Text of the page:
Both exhibitions thus sent the same message: Palestinians can engage in anti-Israel incitement, glorification of terror, and online bullying, but not only will they suffer no penalty, they will even be rewarded. Respected institutions will provide taxpayer funding for these activities, expel Israeli and American artists to accommodate them, and even issue fawning apologies for offending Palestinian sensibilities.

Needless to say, rewarding such behavior encourages Palestinians to continue it. And in so doing, well-meaning Westerners actually perpetuate the Palestinian-Israeli conflict by ensuring that Palestinians never have an incentive to develop the culture of peace needed to end it.

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Israel’s constitutional crisis has been postponed, not resolved

After years of leftists crying wolf about democracy being endangered, Israel finally experienced a real constitutional crisis last week. That crisis was temporarily frozen by the decision to form a unity government, but it will come roaring back once the coronavirus crisis has passed.

It began with Knesset Speaker Yuli Edelstein’s refusal to let the newly elected Knesset vote to replace him as speaker and culminated in two interventions by the High Court of Justice. I’m one of very few people on my side of the political spectrum who considers the court’s initial intervention justifiable. But its second was an unprecedented usurpation of the prerogatives of another branch of government, in flagrant violation of legislation that the court itself deems constitutional.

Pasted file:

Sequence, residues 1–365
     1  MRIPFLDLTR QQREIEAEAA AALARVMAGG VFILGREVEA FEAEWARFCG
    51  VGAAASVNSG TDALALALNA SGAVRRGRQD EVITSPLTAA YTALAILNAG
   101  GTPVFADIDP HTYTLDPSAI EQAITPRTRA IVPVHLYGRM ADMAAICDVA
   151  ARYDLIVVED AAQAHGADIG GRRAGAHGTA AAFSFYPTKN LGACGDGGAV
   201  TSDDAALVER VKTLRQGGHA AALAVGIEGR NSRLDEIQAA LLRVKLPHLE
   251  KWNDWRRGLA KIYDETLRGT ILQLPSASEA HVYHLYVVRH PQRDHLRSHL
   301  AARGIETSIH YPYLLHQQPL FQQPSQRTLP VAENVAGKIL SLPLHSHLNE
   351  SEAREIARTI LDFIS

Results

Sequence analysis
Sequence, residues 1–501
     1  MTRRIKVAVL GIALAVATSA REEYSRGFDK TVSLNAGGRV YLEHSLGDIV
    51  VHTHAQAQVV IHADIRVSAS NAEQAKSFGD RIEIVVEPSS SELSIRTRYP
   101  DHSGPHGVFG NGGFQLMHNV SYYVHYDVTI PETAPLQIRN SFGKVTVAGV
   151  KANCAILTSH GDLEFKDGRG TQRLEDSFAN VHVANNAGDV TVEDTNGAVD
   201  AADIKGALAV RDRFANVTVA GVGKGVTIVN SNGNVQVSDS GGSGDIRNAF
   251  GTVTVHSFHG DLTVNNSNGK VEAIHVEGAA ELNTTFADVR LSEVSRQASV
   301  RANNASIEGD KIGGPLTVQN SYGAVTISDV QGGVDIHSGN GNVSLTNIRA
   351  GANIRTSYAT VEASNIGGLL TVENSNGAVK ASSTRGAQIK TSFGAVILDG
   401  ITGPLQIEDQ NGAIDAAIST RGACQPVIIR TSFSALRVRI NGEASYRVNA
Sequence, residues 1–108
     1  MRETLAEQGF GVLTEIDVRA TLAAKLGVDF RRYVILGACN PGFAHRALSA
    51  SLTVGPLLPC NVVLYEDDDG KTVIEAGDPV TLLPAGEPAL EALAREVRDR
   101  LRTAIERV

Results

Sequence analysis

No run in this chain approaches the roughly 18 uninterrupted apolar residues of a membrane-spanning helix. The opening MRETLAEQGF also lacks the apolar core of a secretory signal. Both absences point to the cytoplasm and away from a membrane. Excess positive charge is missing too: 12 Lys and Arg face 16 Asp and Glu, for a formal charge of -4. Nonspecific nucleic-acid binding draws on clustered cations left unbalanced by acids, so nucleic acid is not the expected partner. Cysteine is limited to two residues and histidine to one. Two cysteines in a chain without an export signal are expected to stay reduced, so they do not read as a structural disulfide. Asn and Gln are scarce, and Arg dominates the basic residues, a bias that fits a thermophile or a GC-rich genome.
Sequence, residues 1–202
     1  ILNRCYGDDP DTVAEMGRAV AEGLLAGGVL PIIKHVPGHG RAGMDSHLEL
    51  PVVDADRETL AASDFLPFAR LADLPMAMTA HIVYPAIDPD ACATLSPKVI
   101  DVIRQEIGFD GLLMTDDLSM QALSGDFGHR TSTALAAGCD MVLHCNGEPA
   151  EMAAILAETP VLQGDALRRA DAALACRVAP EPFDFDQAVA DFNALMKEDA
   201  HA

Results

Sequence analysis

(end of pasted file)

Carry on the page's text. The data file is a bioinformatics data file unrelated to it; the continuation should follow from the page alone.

Edelstein’s refusal, despite its terrible optics, stemmed from a genuine constitutional concern, and was consequently backed even by Knesset legal adviser Eyal Yinon, who had opposed Edelstein many times before and would do so again later in this saga. The problem was that neither political bloc could form a government on its own, yet the proposed new speaker came from the faction of Benny Gantz’s Blue and White Party that adamantly opposed a unity government. Thus whether a unity government was formed or Prime Minister Benjamin Netanyahu’s caretaker government continued, the new speaker would be in the opposition.

But as Yinon told the court, speakers have always come from the governing coalition because an opposition speaker can effectively stymie all government work. And once elected, he would be virtually impossible to oust, since 90 of the Knesset’s 120 members must vote to do so. An opposition speaker would thus “hurt democracy,” warned Yinon. “We’re planting a bug in the system, and this, too, undermines our constitutional fabric.” That’s why Edelstein wanted to wait, as Knesset bylaws permit, until a government was formed and could choose its own speaker.

Yet despite this genuine and serious concern, the fact remains that a newly elected majority was being barred from exercising its power. Moreover, it had no parliamentary way of solving the problem because only the speaker can convene parliament and schedule a vote. Thus if you believe majorities should be allowed to govern, the court was right to intervene by ordering Edelstein to hold the vote.